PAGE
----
The following figure displays the accessibility of targets as a
function of RA (horizontal axis) and Declination (vertical axis) at
Gemini North for the 2007A semester. The dark gray area indicates
the restriction on LGS observations. The larger light gray area
indicates sky positions that are above 2.5 airmasses for at least 2
hours on at least 7 days of the semester. Targets outside this
area should not be requested in 2007A. However, these represent
the minimum criteria for
scheduling an observation in the queue (or classically), and proposers
with targets very close to the extremes are advised to consider
carefully other factors such as the amount of time needed on the
source, the observing conditions required and the likely weather at the
time (early in the semester is more likely to have poor weather on
Mauna Kea), and the maximum airmass acceptable for the observation.
Figure 1: Target accessibility at Gemini North during semester 2007A.
At Gemini South, 30% of the semester is reserved for engineering,
including new instrument commissioning (both NICI and Flamingos-2) and
the start of multi-conjugate adaptive optics (MCAO)
commissioning. NICI will share the up-looking port with T-ReCS
Flamingos-2 will share a side port with GMOS-S. The start of MCAO
engineering will displace Phoenix, which is currently located on the
"AO" port. At this writing, it is expected that NICI will occupy
port at the start of the semester, followed by T-ReCS for the remainder
of the semester. GMOS-S is expected to be dis-mounted late in the
first half of
the semester for Flamingos-2 commissioning and then re-mounted near the
the semester. bHROS is not available when GMOS-S is off the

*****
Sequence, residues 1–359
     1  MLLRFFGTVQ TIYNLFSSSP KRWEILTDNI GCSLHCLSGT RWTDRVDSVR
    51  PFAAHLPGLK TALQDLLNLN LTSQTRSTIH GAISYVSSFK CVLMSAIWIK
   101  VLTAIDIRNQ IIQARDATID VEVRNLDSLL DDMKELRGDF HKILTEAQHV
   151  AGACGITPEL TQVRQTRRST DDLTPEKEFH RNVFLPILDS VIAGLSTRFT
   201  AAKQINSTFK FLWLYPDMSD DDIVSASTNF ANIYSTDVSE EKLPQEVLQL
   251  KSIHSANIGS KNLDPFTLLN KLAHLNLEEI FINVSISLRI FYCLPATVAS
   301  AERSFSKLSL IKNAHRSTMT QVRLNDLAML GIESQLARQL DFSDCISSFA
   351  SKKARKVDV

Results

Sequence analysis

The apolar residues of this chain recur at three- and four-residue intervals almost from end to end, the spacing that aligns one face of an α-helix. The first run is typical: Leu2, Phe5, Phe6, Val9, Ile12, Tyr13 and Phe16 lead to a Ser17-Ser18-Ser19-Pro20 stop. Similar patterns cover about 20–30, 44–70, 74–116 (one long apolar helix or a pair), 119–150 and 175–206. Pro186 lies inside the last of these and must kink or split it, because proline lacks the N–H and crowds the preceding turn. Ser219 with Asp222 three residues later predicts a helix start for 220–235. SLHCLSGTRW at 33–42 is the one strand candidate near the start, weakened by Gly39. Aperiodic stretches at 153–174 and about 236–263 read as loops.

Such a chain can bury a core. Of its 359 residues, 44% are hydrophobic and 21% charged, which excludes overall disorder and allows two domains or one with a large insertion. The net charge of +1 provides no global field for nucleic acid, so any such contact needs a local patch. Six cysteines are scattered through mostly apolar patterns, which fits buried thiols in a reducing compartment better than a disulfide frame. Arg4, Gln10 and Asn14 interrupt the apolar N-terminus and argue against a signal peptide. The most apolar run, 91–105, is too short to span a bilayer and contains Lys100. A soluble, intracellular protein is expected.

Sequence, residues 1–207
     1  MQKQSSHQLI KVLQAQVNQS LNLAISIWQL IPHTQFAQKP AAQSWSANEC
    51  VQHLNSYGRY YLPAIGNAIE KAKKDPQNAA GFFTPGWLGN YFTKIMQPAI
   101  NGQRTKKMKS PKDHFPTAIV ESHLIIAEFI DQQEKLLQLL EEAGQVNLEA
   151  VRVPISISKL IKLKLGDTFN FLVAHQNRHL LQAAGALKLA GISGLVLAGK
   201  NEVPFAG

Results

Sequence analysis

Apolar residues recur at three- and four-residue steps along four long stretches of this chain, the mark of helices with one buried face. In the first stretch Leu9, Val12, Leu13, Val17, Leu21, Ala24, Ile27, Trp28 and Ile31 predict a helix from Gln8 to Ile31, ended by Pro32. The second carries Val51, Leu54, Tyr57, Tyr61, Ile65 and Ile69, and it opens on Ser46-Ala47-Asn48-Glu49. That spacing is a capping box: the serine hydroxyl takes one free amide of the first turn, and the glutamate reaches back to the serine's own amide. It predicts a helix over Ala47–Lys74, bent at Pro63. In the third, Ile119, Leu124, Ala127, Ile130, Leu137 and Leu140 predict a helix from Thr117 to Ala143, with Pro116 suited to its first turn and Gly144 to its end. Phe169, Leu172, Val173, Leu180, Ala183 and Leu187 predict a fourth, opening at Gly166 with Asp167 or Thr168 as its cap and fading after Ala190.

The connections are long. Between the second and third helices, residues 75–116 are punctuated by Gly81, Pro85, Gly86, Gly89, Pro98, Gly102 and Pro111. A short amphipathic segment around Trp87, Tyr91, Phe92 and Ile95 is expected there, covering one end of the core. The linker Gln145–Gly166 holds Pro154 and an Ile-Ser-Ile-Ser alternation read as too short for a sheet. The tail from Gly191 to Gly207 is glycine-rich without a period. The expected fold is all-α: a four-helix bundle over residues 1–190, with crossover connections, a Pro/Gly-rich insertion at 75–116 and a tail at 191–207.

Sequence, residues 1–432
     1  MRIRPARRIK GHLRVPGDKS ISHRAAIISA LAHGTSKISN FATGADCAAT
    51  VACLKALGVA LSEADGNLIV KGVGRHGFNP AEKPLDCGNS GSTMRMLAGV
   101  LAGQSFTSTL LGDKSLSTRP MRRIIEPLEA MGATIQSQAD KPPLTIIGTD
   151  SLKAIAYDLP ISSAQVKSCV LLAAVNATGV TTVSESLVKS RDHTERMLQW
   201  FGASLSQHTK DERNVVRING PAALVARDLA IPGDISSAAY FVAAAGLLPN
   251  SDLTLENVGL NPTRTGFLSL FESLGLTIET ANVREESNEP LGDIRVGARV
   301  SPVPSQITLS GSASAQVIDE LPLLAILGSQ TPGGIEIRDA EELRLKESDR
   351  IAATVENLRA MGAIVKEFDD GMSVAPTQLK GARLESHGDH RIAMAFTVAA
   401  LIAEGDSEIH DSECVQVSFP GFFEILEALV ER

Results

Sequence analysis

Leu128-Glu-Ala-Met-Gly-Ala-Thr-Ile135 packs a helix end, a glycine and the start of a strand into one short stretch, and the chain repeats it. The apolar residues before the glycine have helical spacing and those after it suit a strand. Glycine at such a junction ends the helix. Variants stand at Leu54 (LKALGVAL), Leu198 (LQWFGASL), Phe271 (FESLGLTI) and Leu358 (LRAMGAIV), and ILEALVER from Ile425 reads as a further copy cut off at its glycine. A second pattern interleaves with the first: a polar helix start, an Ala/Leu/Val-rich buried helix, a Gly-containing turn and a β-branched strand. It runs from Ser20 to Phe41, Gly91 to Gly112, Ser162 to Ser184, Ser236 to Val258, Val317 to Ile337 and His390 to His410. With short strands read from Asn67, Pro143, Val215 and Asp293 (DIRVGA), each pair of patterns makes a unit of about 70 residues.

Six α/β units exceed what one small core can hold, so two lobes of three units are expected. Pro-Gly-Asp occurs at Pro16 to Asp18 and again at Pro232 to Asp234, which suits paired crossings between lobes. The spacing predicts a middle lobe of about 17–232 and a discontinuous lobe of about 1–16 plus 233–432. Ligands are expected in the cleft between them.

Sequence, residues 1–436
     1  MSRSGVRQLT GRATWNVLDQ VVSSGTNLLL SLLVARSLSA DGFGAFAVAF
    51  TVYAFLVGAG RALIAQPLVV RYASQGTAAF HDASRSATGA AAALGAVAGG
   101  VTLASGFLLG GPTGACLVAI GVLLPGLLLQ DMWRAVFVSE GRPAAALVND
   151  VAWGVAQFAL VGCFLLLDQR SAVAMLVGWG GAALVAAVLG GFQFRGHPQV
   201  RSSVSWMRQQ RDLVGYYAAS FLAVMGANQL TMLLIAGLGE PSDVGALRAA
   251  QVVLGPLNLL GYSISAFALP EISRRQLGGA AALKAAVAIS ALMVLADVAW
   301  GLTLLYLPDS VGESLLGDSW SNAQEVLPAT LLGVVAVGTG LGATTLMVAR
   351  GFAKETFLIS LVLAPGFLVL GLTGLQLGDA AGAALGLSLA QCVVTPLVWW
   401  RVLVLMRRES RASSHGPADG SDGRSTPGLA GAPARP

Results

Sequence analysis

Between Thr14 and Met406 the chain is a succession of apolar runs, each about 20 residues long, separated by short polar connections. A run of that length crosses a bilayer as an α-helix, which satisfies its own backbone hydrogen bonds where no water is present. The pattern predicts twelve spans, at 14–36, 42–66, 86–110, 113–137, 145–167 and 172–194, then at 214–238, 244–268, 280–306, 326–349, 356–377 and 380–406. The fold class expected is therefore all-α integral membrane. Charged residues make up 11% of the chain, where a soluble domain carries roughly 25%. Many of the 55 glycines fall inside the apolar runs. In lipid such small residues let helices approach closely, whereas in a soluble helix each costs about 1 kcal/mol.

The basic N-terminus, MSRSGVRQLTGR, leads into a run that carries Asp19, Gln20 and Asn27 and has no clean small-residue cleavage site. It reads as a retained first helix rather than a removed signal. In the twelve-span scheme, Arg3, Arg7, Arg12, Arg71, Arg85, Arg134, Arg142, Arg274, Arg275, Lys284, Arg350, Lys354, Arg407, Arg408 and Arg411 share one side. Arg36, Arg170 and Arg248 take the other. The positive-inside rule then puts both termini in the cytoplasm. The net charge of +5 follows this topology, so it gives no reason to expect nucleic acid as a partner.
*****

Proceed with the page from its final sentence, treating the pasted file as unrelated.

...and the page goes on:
telescope. However, given the uncertainty of new instrument
commissioning schedules, no special target restrictions are being
placed on T-ReCS, GMOS-S, bHROS or GNIRS in 2007A.
However, it is reasonably certain that Phoenix will be removed from
the telescope after March 2007. Hence, Phoenix targets are
restricted to February-March, as indicated in the figure below.
The following figure displays the accessibility
of targets as a function of RA (horizontal axis) and Declination
(vertical axis) at Gemini South for the 2007A semester. The dark
gray area indicates the restriction on Phoenix observations. The
larger light gray area indicates sky positions accessible at some time
during the semester. Targets outside this area should not be
requested in 2007A. In both cases, accessibility is defined as
positions above airmass 2.5 for at least 2 hours on at least 7 days
during the semester (or during February-March in the case of
Phoenix). However, these represent the minimum criteria for scheduling an observation in the
queue (or classically), and proposers with targets very close to the
extremes are advised to consider carefully other factors such as the
amount of time needed on the source, the observing conditions required
and the likely weather at the time (late in the semester is more
likely to have poor weather on Cerro Pachon), and the maximum airmass
acceptable for the observation.
Figure 2: Target accessibility at Gemini South during semester 2007A.
Last update Sept 1, 2006; Bernadette Rodgers